eISSN: 2299-0054
ISSN: 1895-4588
Videosurgery and Other Miniinvasive Techniques
Current issue Archive Videoforum Manuscripts accepted About the journal Supplements Editorial board Journal's reviewers Abstracting and indexing Subscription Contact Instructions for authors Ethical standards and procedures
SCImago Journal & Country Rank

 
1/2021
vol. 16
 
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abstract:
Original paper

Colorectal anastomosis dehiscence: a call for more detailed morphological classification

Alexander Ferko
1
,
Jan Rejholoc
2
,
Matej Škrovina
3
,
Ilja Tachecí
4
,
Igor Sirák
5

1.
Department of Surgery and Transplant Center, Comenius University, Jessenius Medical Faculty Martin and University Hospital Martin, Bratislava, Slovak Republic
2.
Department of General Surgery, Regional Health Ltd., Hospital Děčín, Děčín, Czech Republic
3.
Department of Surgery, Hospital Nový Jičin, Nový Jičin, Czech Republic
4.
2nd Department of Internal Medicine, Charles University, Medical Faculty Hradec Králové, University Hospital Hradec Králové, Hradec Králové, Czech Republic
5.
Department of Oncology and Radiotherapy, Charles University, Medical Faculty Hradec Králové, University Hospital, Hradec Králové, Czech Republic
Videosurgery Miniinv 2021; 16 (1): 98–109
Online publish date: 2020/07/16
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Introduction
A proactive approach is recommended in colorectal anastomosis leak treatment, and early diagnosis is very important. Early postoperative endoscopy would allow rapid diagnosis of anastomotic pathologies and consequent prompt intervention according to anastomotic disruption morphology.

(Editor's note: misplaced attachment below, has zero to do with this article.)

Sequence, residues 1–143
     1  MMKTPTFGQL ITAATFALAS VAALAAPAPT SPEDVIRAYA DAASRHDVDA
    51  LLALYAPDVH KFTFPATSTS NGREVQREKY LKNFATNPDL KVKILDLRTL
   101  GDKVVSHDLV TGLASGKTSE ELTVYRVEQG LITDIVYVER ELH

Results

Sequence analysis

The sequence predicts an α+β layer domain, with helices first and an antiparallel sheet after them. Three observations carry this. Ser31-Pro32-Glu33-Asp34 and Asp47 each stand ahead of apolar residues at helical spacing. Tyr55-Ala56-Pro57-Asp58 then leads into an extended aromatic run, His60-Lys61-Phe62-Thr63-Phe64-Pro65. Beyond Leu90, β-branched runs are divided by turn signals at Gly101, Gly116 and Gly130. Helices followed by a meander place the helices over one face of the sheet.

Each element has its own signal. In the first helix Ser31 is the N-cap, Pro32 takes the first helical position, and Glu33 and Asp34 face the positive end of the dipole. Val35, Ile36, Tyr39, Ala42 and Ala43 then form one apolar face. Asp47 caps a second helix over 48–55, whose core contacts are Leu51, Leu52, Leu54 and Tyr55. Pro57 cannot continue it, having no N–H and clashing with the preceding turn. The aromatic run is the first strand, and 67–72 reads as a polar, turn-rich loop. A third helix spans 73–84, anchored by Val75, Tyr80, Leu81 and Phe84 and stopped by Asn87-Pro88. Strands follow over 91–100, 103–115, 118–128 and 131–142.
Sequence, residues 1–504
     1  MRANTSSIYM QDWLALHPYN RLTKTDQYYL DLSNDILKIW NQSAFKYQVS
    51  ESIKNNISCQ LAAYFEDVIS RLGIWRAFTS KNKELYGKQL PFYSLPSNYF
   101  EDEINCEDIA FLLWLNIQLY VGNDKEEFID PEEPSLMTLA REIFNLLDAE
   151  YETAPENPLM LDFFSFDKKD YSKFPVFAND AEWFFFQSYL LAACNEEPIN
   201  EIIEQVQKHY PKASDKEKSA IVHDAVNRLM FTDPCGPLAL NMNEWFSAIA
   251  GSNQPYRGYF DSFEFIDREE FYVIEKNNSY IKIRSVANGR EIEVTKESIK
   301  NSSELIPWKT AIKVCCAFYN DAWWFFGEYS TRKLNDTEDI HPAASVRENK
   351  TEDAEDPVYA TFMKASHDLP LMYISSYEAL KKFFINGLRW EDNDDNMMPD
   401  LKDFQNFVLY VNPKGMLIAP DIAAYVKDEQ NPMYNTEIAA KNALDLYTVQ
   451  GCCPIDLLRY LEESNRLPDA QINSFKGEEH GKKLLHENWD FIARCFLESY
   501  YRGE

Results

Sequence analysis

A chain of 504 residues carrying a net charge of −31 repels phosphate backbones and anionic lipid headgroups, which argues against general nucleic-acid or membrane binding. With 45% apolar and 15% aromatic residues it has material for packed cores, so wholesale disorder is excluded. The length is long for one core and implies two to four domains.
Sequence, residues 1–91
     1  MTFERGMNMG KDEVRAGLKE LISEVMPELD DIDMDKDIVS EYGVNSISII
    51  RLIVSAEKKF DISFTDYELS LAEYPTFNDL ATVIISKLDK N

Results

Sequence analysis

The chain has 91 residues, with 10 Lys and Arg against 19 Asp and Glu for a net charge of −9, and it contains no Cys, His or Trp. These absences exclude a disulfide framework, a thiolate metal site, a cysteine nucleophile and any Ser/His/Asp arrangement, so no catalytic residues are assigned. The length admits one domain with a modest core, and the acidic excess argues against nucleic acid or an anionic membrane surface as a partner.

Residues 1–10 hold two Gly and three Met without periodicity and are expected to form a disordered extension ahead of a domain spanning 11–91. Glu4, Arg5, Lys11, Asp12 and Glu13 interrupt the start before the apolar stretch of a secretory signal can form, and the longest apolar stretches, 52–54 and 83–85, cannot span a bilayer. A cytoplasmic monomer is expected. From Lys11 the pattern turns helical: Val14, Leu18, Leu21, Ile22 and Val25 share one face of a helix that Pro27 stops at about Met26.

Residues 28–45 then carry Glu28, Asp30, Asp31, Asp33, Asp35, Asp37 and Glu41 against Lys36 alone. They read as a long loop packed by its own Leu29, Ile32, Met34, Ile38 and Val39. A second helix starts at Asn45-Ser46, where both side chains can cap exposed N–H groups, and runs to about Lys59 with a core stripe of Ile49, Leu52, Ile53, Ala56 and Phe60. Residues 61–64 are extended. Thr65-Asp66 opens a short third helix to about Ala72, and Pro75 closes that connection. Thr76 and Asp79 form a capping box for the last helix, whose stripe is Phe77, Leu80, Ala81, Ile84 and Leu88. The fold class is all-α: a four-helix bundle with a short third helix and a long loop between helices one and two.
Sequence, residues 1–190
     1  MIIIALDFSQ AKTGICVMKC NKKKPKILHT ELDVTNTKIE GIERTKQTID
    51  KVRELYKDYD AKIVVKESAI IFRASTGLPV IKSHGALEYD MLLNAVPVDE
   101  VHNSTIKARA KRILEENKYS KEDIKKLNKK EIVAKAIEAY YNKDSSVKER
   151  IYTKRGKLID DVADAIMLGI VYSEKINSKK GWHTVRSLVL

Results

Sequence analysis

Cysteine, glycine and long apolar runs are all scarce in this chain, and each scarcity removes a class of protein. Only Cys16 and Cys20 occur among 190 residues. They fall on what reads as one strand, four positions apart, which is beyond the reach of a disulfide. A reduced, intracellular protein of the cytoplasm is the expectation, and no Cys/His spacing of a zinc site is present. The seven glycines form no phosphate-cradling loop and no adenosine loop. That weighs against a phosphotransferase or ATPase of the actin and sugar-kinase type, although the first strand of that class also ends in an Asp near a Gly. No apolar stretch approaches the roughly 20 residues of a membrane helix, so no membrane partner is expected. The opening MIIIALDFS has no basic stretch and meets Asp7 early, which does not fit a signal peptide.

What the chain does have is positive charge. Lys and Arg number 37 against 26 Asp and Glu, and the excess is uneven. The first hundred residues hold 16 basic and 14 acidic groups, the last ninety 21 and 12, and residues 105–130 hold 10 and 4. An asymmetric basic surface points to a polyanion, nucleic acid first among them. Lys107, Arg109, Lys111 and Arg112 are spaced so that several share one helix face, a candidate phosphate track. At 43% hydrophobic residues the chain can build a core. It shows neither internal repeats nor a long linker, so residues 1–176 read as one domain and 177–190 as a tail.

Aim
To evaluate the effectiveness of close endoscopic follow-up of all patients (including asymptomatic ones) in improving diagnosis of acute leak (AL) and reducing its complications.

Material and methods
This study included 124 patients who had undergone rectum resection for rectal cancer with stapled anastomosis. Endoscopy was performed between the 7th and 10th postoperative day and 1 month postoperatively. For defect morphology assessment, a classification system was created based on four levels of severity. Photographic findings were evaluated by an independent, experienced gastroenterologist.

Results
Postoperative endoscopy revealed 28 (22.6%) patients with acute leakage. Initial endoscopy confirmed AL in 18 patients. Six (31.6%) patients were asymptomatic and 13 (68.4%) were symptomatic. The second endoscopy revealed another 9 (32.1%) leaks (4 (44.5%) asymptomatic and 5 (55.5%) symptomatic). Sixteen (57.1%) patients had grade A leakages, 7 (25.0%) had grade B leakages, and 5 (17.9%) had grade C leakages. Furthermore, 22 of 27 (81%) defects were located posterior and posterior-laterally. Fifteen (55.5%) defects were smaller than 1/3 the circumference, 7 (25.9%) affected 1/3–1/2 of the circumference, and 5 (18.5%) affected more than 1/2 of the circumference.

Conclusions
Incorporation of early endoscopy in postoperative management allows rapid diagnosis of AL and allows faster intervention, even in leaks that are clinically silent.

keywords:

rectal cancer, anastomotic leak, low anterior resection

  
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